BULWER, HENRY LYTTON, an experienced and successful diplomatist, served the Liberal interest; was party to the conclusion of several important treaties; wrote several works, "An Autumn in Greece," a "Life of Byron," &c. (1801-1872).

BUMBLE, MR., a beadle in "Oliver Twist."

BUNAU, a German historian, author of a "History of the Seven Years' War" (1697-1762).

BUNCOMBE, a district in N. Carolina, for the ears of the constituency of which a dull speech was some years ago delivered in the U.S. Congress, whence the phrase to "talk Buncombe," i. e. to please one's constituency.

BUNDELKHAND (2,000), a territory in NW. Provinces, India, between the Chambal and the Jumna; has been extensively irrigated at great labour and expense.

BUNKER HILL, an eminence 112 ft., now included in Boston, the scene on 19th June 1775 of the first great battle in the American War of Independence.

BUNSBY, JACK, commander of a ship in "Dombey & Son," regarded as an oracle by Captain Cuttle.

BUNSEN, BARON VON, a diplomatist and man of letters, born at Korbach; in Waldeck; studied at Marburg and Goettingen; became acquainted with Niebuhr at Berlin; studied Oriental languages under Silvestre de Sacy at Paris; became secretary, under Niebuhr, to the Prussian embassy at Rome; recommended himself to the king, and succeeded Niebuhr; became ambassador in Switzerland and then in England; was partial to English institutions, and much esteemed in England; wrote the "Church of the Future," "Hippolytus and his Age," &c. (1791-1860).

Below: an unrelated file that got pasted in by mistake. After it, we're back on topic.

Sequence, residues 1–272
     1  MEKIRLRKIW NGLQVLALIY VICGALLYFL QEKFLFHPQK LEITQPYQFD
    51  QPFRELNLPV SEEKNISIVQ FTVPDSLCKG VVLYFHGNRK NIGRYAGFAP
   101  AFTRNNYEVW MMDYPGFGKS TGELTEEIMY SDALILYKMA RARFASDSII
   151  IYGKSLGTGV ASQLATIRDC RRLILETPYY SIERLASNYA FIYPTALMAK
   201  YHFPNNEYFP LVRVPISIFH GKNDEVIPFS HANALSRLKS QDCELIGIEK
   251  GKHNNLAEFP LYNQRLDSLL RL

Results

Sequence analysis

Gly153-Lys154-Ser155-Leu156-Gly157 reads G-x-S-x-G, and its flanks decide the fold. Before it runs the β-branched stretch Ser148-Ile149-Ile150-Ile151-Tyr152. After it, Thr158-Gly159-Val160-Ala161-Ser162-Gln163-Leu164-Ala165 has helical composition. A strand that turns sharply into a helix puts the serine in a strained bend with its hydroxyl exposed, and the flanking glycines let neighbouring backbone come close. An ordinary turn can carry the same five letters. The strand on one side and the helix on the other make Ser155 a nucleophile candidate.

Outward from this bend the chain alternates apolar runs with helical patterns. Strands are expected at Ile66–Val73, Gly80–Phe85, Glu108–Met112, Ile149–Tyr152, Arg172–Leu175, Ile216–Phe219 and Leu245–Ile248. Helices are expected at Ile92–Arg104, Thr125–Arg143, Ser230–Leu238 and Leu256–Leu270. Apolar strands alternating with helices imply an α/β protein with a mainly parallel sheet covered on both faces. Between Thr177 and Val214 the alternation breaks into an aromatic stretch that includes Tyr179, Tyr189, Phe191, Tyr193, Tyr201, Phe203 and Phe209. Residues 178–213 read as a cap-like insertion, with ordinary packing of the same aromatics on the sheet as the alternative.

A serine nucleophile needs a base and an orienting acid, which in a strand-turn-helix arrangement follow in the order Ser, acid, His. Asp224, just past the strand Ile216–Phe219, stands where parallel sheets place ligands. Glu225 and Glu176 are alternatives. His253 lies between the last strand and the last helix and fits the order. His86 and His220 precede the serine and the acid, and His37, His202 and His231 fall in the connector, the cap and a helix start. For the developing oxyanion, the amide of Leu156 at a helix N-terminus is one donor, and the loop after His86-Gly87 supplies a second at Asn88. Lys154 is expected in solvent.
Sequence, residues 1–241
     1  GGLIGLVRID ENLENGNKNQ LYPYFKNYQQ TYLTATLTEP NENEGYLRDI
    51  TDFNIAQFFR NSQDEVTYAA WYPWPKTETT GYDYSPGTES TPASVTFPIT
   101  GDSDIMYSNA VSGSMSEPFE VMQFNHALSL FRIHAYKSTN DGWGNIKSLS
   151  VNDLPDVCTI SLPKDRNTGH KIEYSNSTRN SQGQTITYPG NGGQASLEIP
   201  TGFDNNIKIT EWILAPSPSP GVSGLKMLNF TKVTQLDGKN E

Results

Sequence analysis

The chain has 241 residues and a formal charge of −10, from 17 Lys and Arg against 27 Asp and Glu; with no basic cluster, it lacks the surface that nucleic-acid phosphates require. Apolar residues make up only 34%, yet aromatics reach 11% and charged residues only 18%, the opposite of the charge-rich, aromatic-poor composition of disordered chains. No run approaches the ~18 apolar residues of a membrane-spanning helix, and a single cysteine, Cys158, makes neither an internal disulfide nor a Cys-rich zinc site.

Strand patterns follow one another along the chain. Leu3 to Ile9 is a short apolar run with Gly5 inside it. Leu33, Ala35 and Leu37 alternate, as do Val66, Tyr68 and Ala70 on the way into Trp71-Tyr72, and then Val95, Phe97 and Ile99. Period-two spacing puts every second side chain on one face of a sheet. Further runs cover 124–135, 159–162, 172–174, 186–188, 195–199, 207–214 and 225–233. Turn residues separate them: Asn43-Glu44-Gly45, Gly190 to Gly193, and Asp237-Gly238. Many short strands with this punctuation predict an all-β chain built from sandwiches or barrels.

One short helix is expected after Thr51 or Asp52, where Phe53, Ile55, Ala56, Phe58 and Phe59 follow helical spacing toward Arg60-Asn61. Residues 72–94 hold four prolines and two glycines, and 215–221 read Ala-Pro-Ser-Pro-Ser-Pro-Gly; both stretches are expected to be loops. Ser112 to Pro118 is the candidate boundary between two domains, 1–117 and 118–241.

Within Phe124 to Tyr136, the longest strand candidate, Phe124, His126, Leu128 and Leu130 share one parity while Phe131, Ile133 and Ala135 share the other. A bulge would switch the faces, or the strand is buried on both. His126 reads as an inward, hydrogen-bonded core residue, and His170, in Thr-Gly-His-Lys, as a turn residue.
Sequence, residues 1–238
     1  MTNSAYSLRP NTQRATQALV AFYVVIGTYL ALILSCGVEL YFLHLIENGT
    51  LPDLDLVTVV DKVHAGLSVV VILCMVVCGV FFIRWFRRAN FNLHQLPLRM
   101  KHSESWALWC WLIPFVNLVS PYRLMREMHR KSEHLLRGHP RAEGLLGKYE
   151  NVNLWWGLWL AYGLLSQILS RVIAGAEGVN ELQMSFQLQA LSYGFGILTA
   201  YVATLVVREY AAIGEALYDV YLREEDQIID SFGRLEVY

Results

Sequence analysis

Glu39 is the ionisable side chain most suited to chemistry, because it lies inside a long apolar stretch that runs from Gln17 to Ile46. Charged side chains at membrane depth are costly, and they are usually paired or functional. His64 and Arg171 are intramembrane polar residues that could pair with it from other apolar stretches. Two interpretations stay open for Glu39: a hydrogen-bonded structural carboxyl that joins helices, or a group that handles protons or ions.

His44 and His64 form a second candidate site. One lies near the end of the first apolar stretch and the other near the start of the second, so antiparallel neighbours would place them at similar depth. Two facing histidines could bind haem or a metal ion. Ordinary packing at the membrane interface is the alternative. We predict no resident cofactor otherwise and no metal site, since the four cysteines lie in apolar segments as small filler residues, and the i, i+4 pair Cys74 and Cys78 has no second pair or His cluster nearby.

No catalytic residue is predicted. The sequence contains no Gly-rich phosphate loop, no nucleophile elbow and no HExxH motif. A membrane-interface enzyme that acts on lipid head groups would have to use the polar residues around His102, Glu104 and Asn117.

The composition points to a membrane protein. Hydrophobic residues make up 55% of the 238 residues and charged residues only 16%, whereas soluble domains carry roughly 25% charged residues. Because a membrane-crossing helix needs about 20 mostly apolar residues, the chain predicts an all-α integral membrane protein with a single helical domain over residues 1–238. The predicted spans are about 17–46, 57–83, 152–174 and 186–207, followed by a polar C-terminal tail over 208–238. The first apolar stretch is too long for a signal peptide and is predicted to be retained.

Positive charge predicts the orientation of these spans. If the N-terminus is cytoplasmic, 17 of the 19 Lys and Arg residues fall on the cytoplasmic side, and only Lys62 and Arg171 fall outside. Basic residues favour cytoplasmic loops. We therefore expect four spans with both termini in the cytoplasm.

BUNSEN, ROBERT WILLIAM, a distinguished German chemist, born at Goettingen, settled as professor of Chemistry at Heidelberg; invented the charcoal pile, the magnesian light, and the burner called after him; discovered the antidote to arsenic, with hydrate of iron and the SPECTRUM ANALYSIS (q. v.); b. 1811.

BUNSEN BURNER, a small gas-jet above which is screwed a brass tube with holes at the bottom of it to let in air, which burns with the gas, and causes at the top a non-luminous flame; largely used in chemical operations.

BUNYAN, JOHN, author of the "Pilgrim's Progress," born in Elstow, near Bedford, the son of a tinker, and bred himself to that humble craft; he was early visited with religious convictions, and brought, after a time of resistance to them, to an earnest faith in the gospel of Christ, his witness for which to his poor neighbours led to his imprisonment, an imprisonment which extended first and last over twelve and a half years, and it was towards the close of it, and in the precincts of Bedford jail, in the spring of 1676, that he dreamed his world-famous dream; here two-thirds of it were written, the whole finished the year after, and published at the end of it; extended, it came out eventually in two parts, but it is the first part that is the Pilgrim's Progress, and ensures it the place it holds in the religious literature of the world; encouraged by the success of it—for it leapt into popularity at a bound—Bunyan wrote some sixty other books, but except this, his masterpiece, not more than two of these, "Grace Abounding" and the "Holy War," continue to be read (1628-1688).